IRVING, Texas- Since the Dallas Cowboys won their last Super Bowl in 1996, the organization and the league has changed dramatically. The Cowboys have had literally hundreds of different players on their roster, including 12 quarterbacks start games for them, and they've called two different stadiums home.
As far as the NFL goes, there have been 10 different organizations that have been crowned champions since the post-Cowboy Super Bowl era. They have had two separate commissioners and myriad of rule changes.
But there is one thing that has certainly not changed in the NFL since 1997: Ray Lewis is still suiting up every Sunday and leading his defense out on the field. Love him or hate him, perhaps no player in the history of the game has dominated the league for as long a period as Baltimore's middle linebacker.
On Sunday, Lewis will line up against the Cowboys in the midst of his 17th season. Constantly producing great numbers and never one to shy away from attention, he has been in the spotlight for each of those 17 years. Jason Garrett spent the beginning of Lewis' career as a player and the eventual end of it as a head coach. He talked about what Lewis has accomplished in the NFL.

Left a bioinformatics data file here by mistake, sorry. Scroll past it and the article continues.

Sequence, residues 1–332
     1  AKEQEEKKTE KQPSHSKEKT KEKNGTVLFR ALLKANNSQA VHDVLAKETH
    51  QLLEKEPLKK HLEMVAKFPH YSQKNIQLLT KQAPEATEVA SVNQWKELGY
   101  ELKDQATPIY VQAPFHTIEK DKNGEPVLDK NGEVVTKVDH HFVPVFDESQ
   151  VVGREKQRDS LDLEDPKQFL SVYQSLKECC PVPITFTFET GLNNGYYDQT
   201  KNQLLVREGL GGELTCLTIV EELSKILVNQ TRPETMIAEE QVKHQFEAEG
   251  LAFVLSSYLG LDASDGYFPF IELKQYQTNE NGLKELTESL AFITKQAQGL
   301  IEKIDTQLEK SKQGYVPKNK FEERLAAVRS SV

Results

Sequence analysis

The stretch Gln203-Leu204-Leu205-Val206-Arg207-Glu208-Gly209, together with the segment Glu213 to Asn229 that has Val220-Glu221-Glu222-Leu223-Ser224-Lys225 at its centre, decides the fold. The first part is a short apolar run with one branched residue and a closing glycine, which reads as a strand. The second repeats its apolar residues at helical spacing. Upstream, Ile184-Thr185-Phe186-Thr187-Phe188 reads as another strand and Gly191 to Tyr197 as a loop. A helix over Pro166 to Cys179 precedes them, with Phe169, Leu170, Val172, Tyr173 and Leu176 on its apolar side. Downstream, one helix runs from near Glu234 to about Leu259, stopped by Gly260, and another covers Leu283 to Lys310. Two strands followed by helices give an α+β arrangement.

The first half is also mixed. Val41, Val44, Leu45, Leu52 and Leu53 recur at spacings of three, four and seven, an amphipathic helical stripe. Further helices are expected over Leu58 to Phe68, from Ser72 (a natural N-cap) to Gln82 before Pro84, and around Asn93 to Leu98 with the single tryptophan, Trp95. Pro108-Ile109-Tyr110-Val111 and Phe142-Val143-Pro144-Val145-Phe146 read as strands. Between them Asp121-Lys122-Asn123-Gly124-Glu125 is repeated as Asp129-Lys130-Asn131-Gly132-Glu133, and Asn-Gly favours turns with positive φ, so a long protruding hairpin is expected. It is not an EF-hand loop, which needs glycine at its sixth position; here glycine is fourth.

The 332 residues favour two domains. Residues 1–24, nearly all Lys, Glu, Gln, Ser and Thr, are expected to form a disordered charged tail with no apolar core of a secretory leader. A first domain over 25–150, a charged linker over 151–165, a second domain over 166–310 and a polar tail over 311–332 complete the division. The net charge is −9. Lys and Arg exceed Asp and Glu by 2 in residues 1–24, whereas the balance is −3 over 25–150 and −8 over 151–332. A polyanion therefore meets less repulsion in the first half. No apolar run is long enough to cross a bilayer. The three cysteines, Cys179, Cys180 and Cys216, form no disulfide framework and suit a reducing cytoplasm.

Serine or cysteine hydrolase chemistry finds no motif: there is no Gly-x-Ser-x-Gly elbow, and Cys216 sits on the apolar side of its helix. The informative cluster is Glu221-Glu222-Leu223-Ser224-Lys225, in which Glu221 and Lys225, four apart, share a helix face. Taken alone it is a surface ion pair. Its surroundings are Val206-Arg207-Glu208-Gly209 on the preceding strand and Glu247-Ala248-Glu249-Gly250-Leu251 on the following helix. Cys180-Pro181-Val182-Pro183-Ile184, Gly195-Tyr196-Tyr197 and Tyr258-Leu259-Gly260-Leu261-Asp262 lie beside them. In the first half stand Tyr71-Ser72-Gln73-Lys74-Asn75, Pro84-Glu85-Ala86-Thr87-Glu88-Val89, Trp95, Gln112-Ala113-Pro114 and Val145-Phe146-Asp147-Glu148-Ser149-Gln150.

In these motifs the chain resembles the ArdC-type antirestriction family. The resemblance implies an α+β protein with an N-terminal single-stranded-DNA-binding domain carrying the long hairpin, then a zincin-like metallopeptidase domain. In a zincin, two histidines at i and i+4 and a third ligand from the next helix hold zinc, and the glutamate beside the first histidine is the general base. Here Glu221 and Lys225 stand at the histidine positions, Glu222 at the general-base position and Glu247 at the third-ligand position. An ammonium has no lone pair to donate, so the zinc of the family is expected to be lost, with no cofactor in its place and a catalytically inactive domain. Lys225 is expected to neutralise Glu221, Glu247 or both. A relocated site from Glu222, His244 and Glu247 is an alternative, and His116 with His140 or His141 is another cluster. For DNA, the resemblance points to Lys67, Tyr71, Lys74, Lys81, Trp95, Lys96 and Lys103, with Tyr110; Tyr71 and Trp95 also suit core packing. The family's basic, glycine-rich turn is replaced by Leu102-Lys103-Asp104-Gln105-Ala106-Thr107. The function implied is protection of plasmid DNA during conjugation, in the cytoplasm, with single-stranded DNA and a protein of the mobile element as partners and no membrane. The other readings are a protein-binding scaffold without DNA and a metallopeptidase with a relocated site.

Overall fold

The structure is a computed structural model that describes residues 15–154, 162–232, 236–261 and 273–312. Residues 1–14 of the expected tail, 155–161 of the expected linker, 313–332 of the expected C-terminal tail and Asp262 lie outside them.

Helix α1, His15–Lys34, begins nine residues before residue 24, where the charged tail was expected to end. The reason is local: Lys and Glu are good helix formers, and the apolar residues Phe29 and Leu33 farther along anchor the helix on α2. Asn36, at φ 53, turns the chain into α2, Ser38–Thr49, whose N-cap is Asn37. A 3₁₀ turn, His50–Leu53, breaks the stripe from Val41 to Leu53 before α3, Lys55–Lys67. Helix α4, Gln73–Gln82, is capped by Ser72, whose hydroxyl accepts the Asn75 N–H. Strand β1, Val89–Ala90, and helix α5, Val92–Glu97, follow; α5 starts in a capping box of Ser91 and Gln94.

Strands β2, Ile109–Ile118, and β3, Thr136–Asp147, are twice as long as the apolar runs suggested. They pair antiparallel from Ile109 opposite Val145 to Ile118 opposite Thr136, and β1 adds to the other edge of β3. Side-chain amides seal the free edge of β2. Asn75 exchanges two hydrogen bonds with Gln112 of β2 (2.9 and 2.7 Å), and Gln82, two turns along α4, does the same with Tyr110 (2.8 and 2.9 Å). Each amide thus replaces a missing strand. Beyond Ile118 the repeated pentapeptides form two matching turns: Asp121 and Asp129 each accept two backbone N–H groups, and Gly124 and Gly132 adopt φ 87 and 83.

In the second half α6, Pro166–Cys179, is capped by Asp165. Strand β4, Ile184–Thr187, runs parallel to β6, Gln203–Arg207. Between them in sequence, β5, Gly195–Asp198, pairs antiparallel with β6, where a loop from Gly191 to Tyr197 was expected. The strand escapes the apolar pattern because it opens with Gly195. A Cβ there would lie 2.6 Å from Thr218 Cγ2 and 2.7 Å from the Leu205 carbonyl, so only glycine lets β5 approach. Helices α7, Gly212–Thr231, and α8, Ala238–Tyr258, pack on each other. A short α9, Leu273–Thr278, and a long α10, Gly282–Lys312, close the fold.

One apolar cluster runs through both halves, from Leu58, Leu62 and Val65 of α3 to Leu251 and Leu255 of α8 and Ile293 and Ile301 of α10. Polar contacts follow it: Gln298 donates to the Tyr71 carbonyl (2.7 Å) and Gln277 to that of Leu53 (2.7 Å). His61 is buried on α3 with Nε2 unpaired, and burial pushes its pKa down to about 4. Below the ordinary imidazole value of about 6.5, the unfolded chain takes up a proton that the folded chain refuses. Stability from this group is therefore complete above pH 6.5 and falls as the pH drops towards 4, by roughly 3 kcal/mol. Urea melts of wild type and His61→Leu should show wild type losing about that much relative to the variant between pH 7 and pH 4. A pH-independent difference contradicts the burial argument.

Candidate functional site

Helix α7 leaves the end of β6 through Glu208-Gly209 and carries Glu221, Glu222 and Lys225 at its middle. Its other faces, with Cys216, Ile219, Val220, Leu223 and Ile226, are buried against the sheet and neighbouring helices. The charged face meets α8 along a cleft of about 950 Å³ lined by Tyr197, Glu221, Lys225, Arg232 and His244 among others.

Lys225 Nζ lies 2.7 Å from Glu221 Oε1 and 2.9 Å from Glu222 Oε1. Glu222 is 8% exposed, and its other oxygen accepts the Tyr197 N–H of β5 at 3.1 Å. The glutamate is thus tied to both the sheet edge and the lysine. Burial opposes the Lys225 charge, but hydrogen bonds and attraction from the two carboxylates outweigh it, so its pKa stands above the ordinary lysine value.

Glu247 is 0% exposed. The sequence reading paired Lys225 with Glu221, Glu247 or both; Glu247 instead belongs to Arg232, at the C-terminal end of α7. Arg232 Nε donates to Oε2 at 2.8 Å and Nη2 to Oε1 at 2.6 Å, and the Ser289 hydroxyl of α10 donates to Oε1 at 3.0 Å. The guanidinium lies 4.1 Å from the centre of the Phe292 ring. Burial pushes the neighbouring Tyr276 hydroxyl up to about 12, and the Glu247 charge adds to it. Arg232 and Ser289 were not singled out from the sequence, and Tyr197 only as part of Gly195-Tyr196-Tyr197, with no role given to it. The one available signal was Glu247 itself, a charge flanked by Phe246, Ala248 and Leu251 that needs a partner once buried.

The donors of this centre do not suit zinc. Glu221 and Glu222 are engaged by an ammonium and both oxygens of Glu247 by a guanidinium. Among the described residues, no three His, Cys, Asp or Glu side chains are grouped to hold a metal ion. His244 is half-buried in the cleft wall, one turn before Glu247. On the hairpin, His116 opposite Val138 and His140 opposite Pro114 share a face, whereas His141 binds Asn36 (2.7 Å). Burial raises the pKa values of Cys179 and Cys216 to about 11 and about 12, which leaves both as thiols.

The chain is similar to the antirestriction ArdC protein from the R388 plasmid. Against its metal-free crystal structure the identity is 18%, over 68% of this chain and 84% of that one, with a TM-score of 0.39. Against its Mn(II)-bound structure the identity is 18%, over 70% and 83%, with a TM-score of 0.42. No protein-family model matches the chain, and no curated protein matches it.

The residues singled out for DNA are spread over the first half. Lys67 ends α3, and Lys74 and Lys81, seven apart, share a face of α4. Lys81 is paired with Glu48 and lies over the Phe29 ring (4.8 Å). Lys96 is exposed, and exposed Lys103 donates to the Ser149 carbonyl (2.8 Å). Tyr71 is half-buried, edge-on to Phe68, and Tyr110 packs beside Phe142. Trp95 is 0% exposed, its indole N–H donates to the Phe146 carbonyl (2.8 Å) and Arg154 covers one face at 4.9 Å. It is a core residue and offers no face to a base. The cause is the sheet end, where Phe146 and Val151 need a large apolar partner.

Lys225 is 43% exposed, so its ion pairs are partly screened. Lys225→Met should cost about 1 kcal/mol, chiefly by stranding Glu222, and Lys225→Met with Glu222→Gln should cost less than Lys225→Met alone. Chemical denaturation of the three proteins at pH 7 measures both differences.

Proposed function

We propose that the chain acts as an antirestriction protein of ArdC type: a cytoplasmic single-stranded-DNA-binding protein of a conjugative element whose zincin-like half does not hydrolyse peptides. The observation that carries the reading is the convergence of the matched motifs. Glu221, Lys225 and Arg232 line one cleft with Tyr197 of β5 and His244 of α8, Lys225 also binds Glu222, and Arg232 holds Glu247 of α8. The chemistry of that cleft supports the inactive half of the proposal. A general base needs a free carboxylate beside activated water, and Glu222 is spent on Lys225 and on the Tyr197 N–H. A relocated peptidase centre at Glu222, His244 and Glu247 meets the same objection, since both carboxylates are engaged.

"He's just one of the greatest players that this league has ever seen," Garrett said. "As a football fan, more than a coach and a former player, I just admire the guy a great deal. I admire his spirit, his energy, his demeanor, his passion for the game and he makes a ton of plays. He makes a ton of plays in the running game, a ton of plays in the passing game. He's been doing it for a long, long time."
Lewis' career has been defined by production and intensity. He has recorded an amazing 2,586 career tackles, and is the only player in NFL history with more than 40 sacks and 30 interceptions.
Despite already being in the prime of his career, there are still those who first heard of him when he became involved in a controversial murder case in 2000. The details of the situation are sketchy, but two groups, one with which Lewis was involved, got into an altercation that eventually led to the stabbing and murder of two people. Lewis was never a suspect in the murder, but by misleading police officers, he was convicted of obstruction of justice. He was sentenced to 12 months probation, which was the maximum sentence for a first-time offender.
While Lewis was filling up headlines off the field, he was also having one of his most dominating seasons on it. In 2001, he led the Ravens to their first ever Super Bowl title and took home the big game's MVP honors.
Since that time, Lewis has accepted his reputation as perhaps the most intimidating figure in the NFL, although he now is also seen as a family man and motivational speaker to both his teammates and those in his community. Cowboy special teams contributor and backup linebacker Alex Albright talked about what Lewis has meant to the NFL for young players like him.